GTS Community Update
February 12, 2011
This Update will expand on several of the subjects mentioned in the one we sent to you on February 7. We would like to reiterate our thanks to the GTS community for the hospitality shown to our visiting trustees last week. It should come as no surprise that many trustees gauge the climate at GTS and how well our mission is realized by the attendance they find at our Chapel worship services. For this reason we were very pleased by the extra effort made by so many of our students, staff, and faculty members to be present in Chapel during the trustees’ visit. An update on the trustees meeting will follow, but first we have some important news to share.
Progress on the Plan to Choose Life
We are delighted to report that the New York State Supreme Court on February 9 ratified the Attorney General’s recommendation that the sale of Chelsea 2,3,4 be allowed to proceed. While a few documents still need to be finalized, this highly significant development allows us to move ahead with a “soft closing” on 2,3,4 and with the full closing that will take place a few weeks later. The full closing will clear the way for our team of professionals to begin work in leveraging the Tutu Center to rebuild the Seminary’s endowment. We are greatly indebted to our attorney Max Friedman for his good work in making this approval a reality.
Please remember that the sale of assets is not only about the reduction of debt and the reduction of high interest costs but is also about increasing student housing on the Close, providing renovated offices, and further eliminating deferred maintenance (on the property being sold). With respect to debt, we have been asked by our bank to reduce our debt as quickly as possible which will mean that “422” needs to be sold by June 30th. Since we must have a vacant building by then, we are busy now assisting outside tenants to find other living arrangements and securing off-campus housing for students this summer and into the fall if needed. This will be discussed in the community meeting this Tuesday. We expect that we may need up to 12 units depending on variables that have yet to be worked out. We are extremely grateful for the spirit of co-operation shown by those whose living quarters will be affected. We are very aware of the stress and inconvenience these relocations cause and thank everyone in advance for their forbearance. If you have not seen it, the rationale behind our plan was featured in a recent story in the Wall Street Journal (Feb. 9 issue, p. A19). Though accurate in most respects, the story wrongly alluded to “declining enrollment” at GTS, while in the interview President Lowrey had been speaking about a church-wide decline. With 59 new students attending GTS this year, our enrollment is very healthy indeed.
February Trustee Meeting
We both want to acknowledge and thank our student representatives to the Board of Trustees. Their contributions to the commission meetings were highly valued (and this is where so much of the Board’s work is done). Likewise at the plenary sessions their comments were thoughtful, forthright, and very much appreciated. Our new meeting format sets aside time for spokespersons representing students, faculty, and staff to address the Board directly with their concerns while also allowing the voting members of the Board to meet by themselves (both with and without the presence of the Dean and the President) for equally beneficial deliberations. Meeting in executive session no longer means that just student, staff, and faculty representatives are excluded but the Dean and the President also. This new format will not only respect the role of all participants but will allow elected trustees time and space to build corporate identity, to become a more cohesive body, and to engage in longer-range discussions about the institution’s future. This format is widely considered a best practice in the governance of many types of institutions.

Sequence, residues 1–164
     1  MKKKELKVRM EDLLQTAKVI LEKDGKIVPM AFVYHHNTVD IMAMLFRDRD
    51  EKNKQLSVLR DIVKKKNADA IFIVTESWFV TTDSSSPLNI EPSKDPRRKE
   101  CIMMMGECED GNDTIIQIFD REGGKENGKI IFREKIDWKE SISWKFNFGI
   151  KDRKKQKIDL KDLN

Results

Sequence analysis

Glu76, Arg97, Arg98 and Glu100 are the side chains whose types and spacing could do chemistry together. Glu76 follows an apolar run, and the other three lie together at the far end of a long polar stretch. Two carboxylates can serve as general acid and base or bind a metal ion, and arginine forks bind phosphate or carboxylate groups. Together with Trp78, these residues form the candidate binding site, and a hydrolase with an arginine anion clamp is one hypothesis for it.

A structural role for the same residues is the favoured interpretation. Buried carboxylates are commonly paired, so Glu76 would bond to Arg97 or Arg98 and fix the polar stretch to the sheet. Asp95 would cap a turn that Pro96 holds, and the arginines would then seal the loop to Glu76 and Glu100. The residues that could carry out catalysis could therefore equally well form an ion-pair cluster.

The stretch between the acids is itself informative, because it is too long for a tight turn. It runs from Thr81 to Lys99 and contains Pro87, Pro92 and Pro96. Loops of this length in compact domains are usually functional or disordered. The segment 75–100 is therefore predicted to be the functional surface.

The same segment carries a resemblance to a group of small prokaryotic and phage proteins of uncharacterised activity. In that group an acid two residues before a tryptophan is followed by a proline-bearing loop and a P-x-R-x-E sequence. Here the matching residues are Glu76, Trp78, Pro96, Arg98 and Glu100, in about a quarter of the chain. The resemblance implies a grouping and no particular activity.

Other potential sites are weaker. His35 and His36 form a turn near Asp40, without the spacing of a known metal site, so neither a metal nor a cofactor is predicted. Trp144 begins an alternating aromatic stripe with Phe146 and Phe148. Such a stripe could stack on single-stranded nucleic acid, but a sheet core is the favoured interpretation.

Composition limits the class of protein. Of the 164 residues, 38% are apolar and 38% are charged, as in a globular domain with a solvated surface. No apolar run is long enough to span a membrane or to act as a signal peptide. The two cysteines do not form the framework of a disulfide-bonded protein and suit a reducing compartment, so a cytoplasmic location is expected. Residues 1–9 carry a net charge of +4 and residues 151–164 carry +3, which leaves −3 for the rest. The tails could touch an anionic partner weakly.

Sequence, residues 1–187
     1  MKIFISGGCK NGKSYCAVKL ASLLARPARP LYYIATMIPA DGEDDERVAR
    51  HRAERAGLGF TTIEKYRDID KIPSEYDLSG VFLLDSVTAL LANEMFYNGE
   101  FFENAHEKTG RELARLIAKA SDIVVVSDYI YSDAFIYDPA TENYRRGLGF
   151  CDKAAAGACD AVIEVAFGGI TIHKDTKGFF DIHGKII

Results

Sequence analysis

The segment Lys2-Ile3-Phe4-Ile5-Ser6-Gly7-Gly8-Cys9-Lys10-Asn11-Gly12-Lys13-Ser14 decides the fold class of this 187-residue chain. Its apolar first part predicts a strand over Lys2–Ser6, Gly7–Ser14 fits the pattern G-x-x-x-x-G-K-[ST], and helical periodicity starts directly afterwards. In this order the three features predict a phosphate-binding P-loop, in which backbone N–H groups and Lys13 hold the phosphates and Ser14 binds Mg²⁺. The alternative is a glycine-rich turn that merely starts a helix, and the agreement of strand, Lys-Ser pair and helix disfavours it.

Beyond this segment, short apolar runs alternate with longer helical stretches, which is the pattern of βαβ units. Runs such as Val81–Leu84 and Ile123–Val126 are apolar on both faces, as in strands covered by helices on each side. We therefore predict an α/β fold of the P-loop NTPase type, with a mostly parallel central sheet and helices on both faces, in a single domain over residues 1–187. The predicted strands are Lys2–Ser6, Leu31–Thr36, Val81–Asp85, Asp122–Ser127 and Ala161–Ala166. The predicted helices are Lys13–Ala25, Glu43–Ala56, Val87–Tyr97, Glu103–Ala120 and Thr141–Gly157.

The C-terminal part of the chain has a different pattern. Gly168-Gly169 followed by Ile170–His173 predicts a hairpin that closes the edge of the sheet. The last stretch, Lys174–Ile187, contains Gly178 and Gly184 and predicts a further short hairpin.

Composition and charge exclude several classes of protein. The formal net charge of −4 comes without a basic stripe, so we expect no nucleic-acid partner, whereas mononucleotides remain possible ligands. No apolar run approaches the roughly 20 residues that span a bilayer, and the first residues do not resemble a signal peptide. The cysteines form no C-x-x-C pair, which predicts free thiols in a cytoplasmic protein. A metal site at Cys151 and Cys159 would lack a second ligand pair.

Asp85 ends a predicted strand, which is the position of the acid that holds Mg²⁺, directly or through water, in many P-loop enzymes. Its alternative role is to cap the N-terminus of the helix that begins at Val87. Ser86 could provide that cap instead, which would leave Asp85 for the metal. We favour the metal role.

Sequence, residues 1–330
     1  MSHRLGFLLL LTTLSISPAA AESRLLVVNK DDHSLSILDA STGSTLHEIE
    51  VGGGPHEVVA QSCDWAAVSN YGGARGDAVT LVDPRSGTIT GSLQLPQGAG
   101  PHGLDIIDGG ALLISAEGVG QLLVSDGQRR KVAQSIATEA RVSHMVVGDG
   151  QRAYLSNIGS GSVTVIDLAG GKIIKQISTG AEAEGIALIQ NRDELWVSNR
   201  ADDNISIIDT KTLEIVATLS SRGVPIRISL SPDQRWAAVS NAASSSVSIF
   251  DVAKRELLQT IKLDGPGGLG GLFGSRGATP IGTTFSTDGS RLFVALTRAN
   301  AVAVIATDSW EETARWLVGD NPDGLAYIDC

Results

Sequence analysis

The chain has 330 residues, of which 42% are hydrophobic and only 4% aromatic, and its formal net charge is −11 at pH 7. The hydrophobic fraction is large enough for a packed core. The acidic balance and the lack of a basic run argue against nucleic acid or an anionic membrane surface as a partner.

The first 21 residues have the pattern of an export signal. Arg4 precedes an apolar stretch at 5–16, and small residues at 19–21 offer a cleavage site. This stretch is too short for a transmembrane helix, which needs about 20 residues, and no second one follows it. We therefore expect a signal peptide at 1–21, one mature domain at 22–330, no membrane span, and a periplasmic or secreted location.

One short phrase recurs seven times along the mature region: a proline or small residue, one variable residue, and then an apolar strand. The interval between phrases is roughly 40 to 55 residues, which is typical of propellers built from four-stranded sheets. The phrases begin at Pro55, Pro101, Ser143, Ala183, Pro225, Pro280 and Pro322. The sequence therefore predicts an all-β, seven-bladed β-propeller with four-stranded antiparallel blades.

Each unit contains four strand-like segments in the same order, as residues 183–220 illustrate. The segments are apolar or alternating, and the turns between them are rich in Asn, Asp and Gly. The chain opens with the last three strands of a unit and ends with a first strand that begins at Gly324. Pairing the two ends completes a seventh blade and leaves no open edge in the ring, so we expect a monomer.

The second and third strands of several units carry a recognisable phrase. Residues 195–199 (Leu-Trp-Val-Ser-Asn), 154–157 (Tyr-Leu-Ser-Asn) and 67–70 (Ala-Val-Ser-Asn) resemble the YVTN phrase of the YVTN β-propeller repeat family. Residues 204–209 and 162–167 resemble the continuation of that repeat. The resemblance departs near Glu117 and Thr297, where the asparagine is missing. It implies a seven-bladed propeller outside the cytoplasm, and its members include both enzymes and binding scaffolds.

Of some concern to continuing students will be the decision of trustees to raise tuition at the Seminary by 5% beginning next year. This is a modest increase in light of our ever-increasing operational costs and the fact that there was no increase last year. Trustees believed this action was a fair increase and was needed to fulfill their fiduciary responsibility, especially given that the responsible management of our income sources is being closely monitored. Regarding the related issue of student debt, it needs to be restated that after the goals of the Plan to Choose Life are met (particularly the rebuilding of our endowment) a primary focus will be on finding ways to reduce student indebtedness. At the February meeting trustees began this process by calling for a committee to study the cost of theological education and student debt. The issue of seminarians’ debt has been a church-wide concern voiced by the Society for the Increase of Ministry, General Convention, and others.